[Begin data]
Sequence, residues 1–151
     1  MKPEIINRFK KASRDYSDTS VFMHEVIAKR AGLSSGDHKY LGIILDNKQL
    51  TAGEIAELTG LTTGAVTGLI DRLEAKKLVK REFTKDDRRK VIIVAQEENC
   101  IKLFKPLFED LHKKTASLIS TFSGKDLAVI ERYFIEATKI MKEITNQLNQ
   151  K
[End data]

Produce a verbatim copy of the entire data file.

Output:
Sequence, residues 1–151
     1  MKPEIINRFK KASRDYSDTS VFMHEVIAKR AGLSSGDHKY LGIILDNKQL
    51  TAGEIAELTG LTTGAVTGLI DRLEAKKLVK REFTKDDRRK VIIVAQEENC
   101  IKLFKPLFED LHKKTASLIS TFSGKDLAVI ERYFIEATKI MKEITNQLNQ
   151  K